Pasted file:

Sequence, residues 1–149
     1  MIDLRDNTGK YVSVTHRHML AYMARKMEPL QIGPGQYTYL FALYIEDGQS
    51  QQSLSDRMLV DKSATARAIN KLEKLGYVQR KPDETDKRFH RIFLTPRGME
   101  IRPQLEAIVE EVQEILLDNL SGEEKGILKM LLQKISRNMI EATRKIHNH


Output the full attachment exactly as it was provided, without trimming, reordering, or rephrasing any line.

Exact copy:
Sequence, residues 1–149
     1  MIDLRDNTGK YVSVTHRHML AYMARKMEPL QIGPGQYTYL FALYIEDGQS
    51  QQSLSDRMLV DKSATARAIN KLEKLGYVQR KPDETDKRFH RIFLTPRGME
   101  IRPQLEAIVE EVQEILLDNL SGEEKGILKM LLQKISRNMI EATRKIHNH